Known as the "flying bum" due to its rather unusual shape, the hybrid helium airship built by Hybrid Air Vehicles is to feature an interior to rival that of a luxury hotel or cruise liner.
With its 46-meter-long cabin boasting plush en suite bedrooms, an on-board "altitude" bar and glass flooring that provides horizon-to-horizon views, the curvaceous craft will provide an opulent flying experience to those lucky (and wealthy) enough to travel on board.
The impressive design plans, developed in collaboration with design consultancy Design Q, were unveiled at the Farnborough Airshow in July.
Once launched, the aircraft, which can reach heights of up to 6,100 meters (16,000 feet) will host three-day expeditions for a maximum of 19 passengers.
Traveling in style
"Airlander challenges people to rethink the skies -- that's the driving force behind everything we do," Stephen McGlennan, CEO of Hybrid Air Vehicles, said in a statement.
"Air travel has become very much about getting from A to B as quickly as possible. What we're offering is a way of making the journey a joy."
The aircraft can take off and land from virtually any flat surface, which eliminates the need for traditional infrastructure such as ports or airports.
Part-airship, part-helicopter, part-plane, the 92-meter-long Airlander 10 owes its buoyancy to 38,000 cubic meters of helium.
The pressure of the lighter-than-air gas helps maintain the aerodynamic shape of a hull made from carbon fiber, Kevlar and Mylar.
That figure, which resembles a rather large posterior, provides 40% of Airlander's lift as it flies through the air.
It's also fitted with four 325 horsepower V8 diesel engines that can propel it to speeds of up to 148 kilometers per hour (91 mph) and provide vertical thrust for horizontal takeoffs.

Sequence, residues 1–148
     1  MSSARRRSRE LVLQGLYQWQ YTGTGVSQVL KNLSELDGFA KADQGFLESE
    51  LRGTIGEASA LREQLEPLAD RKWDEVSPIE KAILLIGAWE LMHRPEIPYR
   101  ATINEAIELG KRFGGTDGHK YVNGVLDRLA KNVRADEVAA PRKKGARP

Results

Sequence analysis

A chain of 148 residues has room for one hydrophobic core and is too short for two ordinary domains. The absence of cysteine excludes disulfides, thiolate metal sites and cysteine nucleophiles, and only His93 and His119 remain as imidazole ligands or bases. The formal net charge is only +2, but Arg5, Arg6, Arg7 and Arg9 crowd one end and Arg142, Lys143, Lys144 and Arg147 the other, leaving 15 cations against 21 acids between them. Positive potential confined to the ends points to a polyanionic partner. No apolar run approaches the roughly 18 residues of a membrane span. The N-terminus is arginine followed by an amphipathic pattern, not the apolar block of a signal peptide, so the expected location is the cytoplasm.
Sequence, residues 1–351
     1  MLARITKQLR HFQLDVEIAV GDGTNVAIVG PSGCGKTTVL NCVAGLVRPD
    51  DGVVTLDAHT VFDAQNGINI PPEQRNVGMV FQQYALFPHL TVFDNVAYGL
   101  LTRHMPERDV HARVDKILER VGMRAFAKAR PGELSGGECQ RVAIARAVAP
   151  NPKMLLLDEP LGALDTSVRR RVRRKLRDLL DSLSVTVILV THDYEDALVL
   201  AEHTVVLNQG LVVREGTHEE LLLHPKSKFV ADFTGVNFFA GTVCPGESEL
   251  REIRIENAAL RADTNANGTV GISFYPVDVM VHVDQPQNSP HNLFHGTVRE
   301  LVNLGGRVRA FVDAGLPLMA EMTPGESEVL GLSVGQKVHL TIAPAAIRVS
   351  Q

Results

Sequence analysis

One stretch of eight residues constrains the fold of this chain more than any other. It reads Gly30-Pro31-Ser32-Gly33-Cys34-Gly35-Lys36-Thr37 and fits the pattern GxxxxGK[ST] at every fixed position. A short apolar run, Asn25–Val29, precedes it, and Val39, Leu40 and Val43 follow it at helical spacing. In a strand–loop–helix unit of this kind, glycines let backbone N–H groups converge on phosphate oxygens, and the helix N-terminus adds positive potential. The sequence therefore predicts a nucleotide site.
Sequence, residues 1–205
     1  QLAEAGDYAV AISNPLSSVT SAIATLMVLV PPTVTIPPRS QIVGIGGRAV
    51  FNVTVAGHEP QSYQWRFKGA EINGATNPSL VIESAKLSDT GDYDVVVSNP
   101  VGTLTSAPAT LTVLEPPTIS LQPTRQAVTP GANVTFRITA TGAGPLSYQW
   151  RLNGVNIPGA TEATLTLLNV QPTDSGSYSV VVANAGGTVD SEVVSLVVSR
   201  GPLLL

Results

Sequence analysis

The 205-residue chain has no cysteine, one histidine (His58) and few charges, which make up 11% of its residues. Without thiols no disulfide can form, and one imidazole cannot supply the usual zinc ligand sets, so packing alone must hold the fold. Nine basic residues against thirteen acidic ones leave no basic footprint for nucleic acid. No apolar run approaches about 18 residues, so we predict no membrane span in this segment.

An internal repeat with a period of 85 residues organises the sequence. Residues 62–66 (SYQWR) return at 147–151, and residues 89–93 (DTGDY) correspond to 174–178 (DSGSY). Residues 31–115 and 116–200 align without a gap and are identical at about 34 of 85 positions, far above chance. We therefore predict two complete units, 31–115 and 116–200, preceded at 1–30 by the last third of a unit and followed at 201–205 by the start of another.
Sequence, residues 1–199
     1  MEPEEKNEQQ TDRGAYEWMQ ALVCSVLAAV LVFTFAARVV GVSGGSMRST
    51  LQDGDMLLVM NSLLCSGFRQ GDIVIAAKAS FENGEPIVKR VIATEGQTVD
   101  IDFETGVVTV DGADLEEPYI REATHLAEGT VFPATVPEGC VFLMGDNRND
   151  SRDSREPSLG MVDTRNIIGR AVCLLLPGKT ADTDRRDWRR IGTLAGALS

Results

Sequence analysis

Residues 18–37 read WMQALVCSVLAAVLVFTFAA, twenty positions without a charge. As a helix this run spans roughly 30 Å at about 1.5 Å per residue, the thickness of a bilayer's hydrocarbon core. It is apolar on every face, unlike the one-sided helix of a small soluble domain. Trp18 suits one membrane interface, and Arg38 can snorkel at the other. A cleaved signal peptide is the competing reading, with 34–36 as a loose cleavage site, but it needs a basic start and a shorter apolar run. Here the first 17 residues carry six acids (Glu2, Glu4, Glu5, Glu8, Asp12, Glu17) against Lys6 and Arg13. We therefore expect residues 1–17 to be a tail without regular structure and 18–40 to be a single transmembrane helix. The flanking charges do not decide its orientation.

Beneath it is space for a payload capable of carrying up to 10 tonnes and a set of retractable pneumatic "skids" that can be used for landing on land, sand, water or ice.
"We see it as the future," Nick Allman, HAV's program director, told CNN Travel. "It's going to be cheaper, it's going to be greener, we're going to be able to go to places we can't go to and from now.
The airship's environmental credentials come from its greatly reduced fuel consumption and engine noise levels, in comparison to jet planes.
Airlander 10 hangs on to its helium, which is divided into several compartments. These can be manipulated to help control the aircraft but also provide fail-safes in case one is breached.
Altitude is altered by inflating or deflating auxiliary air bags known as "ballonets," and by altering its speed -- without forward momentum it gently glides to the ground.
CNN Travel was on hand to witness the aircraft in all its glory when it was unveiled fully assembled in a giant hangar north of London in 2016.
"It's really quite a special machine to fly," said test pilot David Burns.
"The view from the flight deck is excellent because of the large windows and the airship characteristics, flying at a fairly lowish altitude."
Airlander 10 has successfully completed six test flights so far, but there have been some incidents along the way, such as a collapse in the UK when the aircraft came loose from its moorings
It still needs to prove its safety credentials to the relevant aviation authorities by completing 200 hours of test flights without any incidents before being offered to prospective customers.
However, if it does proves successful, blueprints have already been drawn up for Airlander 50, a bigger, better version capable of lifting five times the cargo.
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